April 23, 2017 8:11 am

Science supporters rally at Hamilton City Hall

Science enthusiasts hold up signs at Saturday's March For Science at Hamilton City Hall.

Lisa Polewski / AM900 CHML
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Supporters of science gathered in hundreds of cities across the globe Saturday and Hamilton was no exception.

Organizers say over 300 people came out to Hamilton’s March For Science at City Hall Saturday afternoon.

The event was planned to bring attention to what organizers call “the mischaracterization of science as a partisan issue.”

Lynda McCarthy, a professor at Ryerson University, says society giving equal time to what she calls ‘pseudo-science’ has corrupted people’s belief in scientific evidence.

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“Anti-evolution leagues, climate change deniers, conspiracy theorists and the like have always been present in small numbers,” McCarthy said. “However, many years ago, their numbers and boldness grew, as society started to give them equal time and they began to corrupt our very belief in the evidence-based data system that we’ve upheld as the gold standard in progressive society since the days even before the Renaissance.”

“Lake Erie is again massively polluted, preventable childhood diseases are on the rise, and the once mighty and noble United States Environmental Protection Agency is in the process, after almost half a century of trying to help protect the environment, of being dismantled under the current political administration in America.”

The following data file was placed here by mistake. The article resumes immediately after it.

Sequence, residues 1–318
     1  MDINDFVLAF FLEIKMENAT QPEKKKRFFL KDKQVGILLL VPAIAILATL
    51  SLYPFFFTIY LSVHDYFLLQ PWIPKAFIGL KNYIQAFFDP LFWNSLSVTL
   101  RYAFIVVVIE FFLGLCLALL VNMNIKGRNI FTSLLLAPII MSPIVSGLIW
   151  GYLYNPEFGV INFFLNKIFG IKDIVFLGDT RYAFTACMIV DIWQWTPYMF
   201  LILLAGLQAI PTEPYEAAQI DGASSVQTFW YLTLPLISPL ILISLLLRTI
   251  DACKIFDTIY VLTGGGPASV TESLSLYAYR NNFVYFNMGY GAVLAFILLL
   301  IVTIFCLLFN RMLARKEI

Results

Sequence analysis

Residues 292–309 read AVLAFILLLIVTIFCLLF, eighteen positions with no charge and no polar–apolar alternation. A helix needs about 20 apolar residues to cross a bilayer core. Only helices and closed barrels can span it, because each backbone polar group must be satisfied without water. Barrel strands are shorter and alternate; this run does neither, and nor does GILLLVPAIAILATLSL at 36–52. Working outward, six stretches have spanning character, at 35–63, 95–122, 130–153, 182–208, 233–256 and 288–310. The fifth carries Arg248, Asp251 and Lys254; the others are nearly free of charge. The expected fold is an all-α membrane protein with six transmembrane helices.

Guest speakers from the local scientific community addressed the crowd about their concerns of the issues affecting science and research.

Lisa Polewski / AM900 CHML

Mark Brown, a clinical pharmacologist at Juravinski Cancer Centre, says people should be asking questions and getting informed.

“The conversation about evidence-supported medical decision making can start at any time and at any level,” Brown said. “The ocean of information affecting our health is ever expanding, and it needs to expand further. Read, criticize, have a conversation. We should ask about well-designed studies, about the quality of the evidence that’s being used to make the most important decisions in our lives.”

The March for Science was planned to coincide with Earth Day, highlighting ongoing issues with how climate change is being addressed in political policy.

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